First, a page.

In 1991, money manager Michael B. O’Higgins published a book called Beating the Dow. It popularized a simple strategy for dividend investors known as the “Dogs of the Dow” buy the 10 stocks with the highest yield in the 30-member Dow Jones Industrial Average, then update the portfolio by buying the top 10 payers – and selling ones that fell off the list – every year after that. The strategy worked 30 years ago, outperforming the Dow itself.
Today, the demand for income-producing investments is a lot greater than it was 30 years ago. As our society has aged, retirees in need of regular cash flow now make up a far greater share of the population. Meanwhile, the collapse of bond yields – rates on the 10-year U.S. Treasury have fallen by 62% since the Great Recession – has made income-producing investments harder for them to find. Not surprisingly, dividend equity funds and exchange-traded funds (ETFs) have proliferated. Sadly, the strategies used by most of these funds have advanced little since the Dog days.
Most equity income ETFs fall into two categories. The first group seeks out the highest dividend payers in their investing universe, like the Dogs of the Dow. The second is only slightly more sophisticated, targeting so-called dividend “aristocrats” that have a history of increasing their dividends every year.
The problem with the high-yield strategy is that you end up owning companies at risk of cutting their dividends and destroying shareholder value. Say a stock starts the year at $100 a share with a 3% dividend yield. A high-yield fund likely wouldn’t consider it. But if that stock falls to $50 and the yield rises to 6%, suddenly it’s eligible for inclusion in the portfolio. But is it a good buy? Maybe not.
“There are high-yielding ETFs out there that give you higher than average yield, but the price return is negative,” says Trevor Cummings, vice-president of ETF Distributions at TD Asset Management Inc. (TDAM), adding that when stock prices fall, yields rise. “Why would anybody be happy with that?”
The aristocrats strategy at least acknowledges that not all dividends are created equal. It prizes not only dividend sustainability but also dividend growth. The problem is that it’s backward-looking. It includes stocks that have increased their dividends over the past five or 10 years without considering their capacity to keep boosting their dividends in the future.
“That’s the end of the thought process,” Cummings says. And, as in investing, past performance is not always the best predictor of future returns.
Screening for solid companies
Because of the lack of more forward-thinking dividend strategies on the market, TDAM developed two ETFs – TD Q Canadian Dividend ETF (TQCD) and TD Q Global Dividend ETF (TQGD) – designed to grow investors’ income over the next 10, 15 or 20 years.
Both ETFs employ quantitative strategies. They use a series of screens to filter out dividend stocks with characteristics that often lead to a dividend slash, such as high leverage, negative earnings, and low or negative current ratio and liquidity ratio. Those that make the cut are then scored on their desirable attributes, including return on invested capital, profit trend and dividend growth trend over the past few years. The highest-scoring stocks get included in the portfolio.
“The most important aspect is not the dividend yield, it’s the stream of dividends – you want to be sure it’s sustainable and growing,” says Julien Palardy, managing director, TDAM in charge of the quant team that oversees TQCD. “It’s also about the compounding as dividends get reinvested.”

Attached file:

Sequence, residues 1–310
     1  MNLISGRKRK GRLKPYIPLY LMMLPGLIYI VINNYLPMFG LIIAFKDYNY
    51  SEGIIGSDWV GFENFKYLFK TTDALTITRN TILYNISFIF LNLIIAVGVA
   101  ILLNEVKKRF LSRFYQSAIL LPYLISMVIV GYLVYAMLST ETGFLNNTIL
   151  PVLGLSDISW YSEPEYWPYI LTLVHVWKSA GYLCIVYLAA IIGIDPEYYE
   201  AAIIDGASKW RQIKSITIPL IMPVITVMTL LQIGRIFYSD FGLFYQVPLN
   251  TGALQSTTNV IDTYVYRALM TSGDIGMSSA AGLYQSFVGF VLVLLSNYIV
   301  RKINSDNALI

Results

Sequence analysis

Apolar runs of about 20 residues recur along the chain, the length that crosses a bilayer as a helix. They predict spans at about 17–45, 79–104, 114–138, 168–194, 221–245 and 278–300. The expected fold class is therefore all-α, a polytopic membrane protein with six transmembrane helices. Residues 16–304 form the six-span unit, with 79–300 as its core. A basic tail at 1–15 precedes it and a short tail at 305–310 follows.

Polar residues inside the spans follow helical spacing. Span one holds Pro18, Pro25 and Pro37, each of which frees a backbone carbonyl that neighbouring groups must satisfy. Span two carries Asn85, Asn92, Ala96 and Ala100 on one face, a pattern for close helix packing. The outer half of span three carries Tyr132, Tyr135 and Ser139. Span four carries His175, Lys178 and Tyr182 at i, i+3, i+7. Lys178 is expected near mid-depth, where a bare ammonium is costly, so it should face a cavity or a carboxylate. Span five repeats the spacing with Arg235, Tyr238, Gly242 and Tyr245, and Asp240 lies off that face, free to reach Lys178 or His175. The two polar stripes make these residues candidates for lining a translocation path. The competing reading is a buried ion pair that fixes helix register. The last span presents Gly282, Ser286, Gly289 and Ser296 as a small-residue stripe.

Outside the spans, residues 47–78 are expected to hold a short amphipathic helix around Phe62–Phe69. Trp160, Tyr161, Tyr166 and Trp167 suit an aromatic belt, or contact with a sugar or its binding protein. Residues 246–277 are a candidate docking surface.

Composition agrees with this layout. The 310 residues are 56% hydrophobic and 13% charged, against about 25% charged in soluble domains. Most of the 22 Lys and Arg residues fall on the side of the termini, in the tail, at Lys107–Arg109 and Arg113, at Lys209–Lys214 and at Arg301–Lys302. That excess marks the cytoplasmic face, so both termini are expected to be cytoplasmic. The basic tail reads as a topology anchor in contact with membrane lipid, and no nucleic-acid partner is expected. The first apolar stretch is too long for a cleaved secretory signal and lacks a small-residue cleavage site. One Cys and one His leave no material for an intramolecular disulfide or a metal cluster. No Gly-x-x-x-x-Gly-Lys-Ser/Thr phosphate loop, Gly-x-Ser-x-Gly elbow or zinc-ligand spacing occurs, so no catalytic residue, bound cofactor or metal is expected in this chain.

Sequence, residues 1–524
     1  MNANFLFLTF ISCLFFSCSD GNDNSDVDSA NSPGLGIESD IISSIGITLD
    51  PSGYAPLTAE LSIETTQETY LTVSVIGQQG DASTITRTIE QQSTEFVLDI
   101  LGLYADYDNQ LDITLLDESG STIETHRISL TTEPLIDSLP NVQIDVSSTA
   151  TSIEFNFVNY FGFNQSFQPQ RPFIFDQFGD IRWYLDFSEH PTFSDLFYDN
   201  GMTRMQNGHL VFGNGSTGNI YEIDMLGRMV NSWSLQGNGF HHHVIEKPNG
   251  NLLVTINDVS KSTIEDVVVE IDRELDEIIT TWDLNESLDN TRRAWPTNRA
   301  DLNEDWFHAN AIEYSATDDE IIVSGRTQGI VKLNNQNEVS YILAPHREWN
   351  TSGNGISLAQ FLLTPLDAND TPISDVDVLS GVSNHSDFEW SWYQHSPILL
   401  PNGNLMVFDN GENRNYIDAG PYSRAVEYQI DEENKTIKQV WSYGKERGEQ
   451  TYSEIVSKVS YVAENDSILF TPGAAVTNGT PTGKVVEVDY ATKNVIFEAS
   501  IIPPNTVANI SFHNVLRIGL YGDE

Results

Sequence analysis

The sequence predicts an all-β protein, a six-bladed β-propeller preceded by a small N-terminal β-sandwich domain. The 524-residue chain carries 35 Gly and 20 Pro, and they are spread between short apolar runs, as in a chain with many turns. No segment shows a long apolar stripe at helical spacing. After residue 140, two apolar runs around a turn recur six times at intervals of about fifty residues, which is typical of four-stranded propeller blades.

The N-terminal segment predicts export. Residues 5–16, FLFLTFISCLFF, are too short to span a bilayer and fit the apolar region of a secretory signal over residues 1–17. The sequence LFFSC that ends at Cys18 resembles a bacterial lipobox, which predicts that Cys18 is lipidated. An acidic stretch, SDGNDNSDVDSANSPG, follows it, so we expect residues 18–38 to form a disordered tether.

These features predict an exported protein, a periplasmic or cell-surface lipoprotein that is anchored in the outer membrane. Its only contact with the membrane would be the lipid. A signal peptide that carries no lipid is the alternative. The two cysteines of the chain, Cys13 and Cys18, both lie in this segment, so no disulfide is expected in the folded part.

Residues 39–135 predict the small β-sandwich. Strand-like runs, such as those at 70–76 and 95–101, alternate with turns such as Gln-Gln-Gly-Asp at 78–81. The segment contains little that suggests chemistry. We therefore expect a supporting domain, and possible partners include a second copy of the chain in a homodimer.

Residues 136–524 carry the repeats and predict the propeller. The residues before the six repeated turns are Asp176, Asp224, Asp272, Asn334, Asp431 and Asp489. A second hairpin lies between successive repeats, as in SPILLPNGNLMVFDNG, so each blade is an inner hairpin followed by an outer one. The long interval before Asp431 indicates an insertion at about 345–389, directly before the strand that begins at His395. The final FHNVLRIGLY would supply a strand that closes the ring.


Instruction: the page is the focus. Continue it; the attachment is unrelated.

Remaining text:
Just because TDAM uses a quantitative strategy does not mean it’s passive. If the model says to trade a company when it cuts its dividend, TDAM’s team will check first to determine whether the cut is likely to be permanent before selling, for example. Moreover, the model is constantly subject to testing and monitoring to ensure it’s indeed doing what it’s intended to do.
“Quant is still active. It’s just a different kind of active,” Palardy explains. It strives to eliminate the biases that can lead stock-pickers astray. “The quant approach gives us a lot of objectivity in how to assess the data that’s available to us.”
Buying great businesses
Not every investor is philosophically comfortable with an algorithm-driven strategy, of course. For those people, TDAM also offers actively managed ETFs with features designed to maximize total return. The TD Active U.S. Enhanced Dividend ETF (TUED) and TD Active Global Enhanced Dividend ETF (TGED), for instance, combine dividend stocks with attractive fundamentals and more growth-oriented stocks that can still provide a robust total return. They use an options overlay strategy with the goal of enhancing the income and do this actively using a couple of different methods. The first is writing covered calls to help enhance income on current holdings. These funds can hold a percentage of non-dividend companies, and with the use of call options can turn these non-dividend payers into synthetic payers. Secondly, they write puts using the excess cash on companies they'd like to own at lower prices.
If all a dividend fund will consider is stocks yielding 3% or more, “you’re going to miss out on a lot of great businesses,” Cummings explains. Instead, TUED and TGED include companies such as ASML, Amazon, Alphabet and Estée Lauder, holdings as of September 26, 2021, with the thinking that it’s better to own strong businesses, and generate an income stream from them, than to confine your choices to just high-dividend payers.
As the markets move ever faster and assimilate larger and larger volumes of data, “you can’t just take a rule set off the shelf from 20 or 30 years ago and assume it’s going to work into the future,” Cummings says. “You have to do more. It’s only going to get harder.”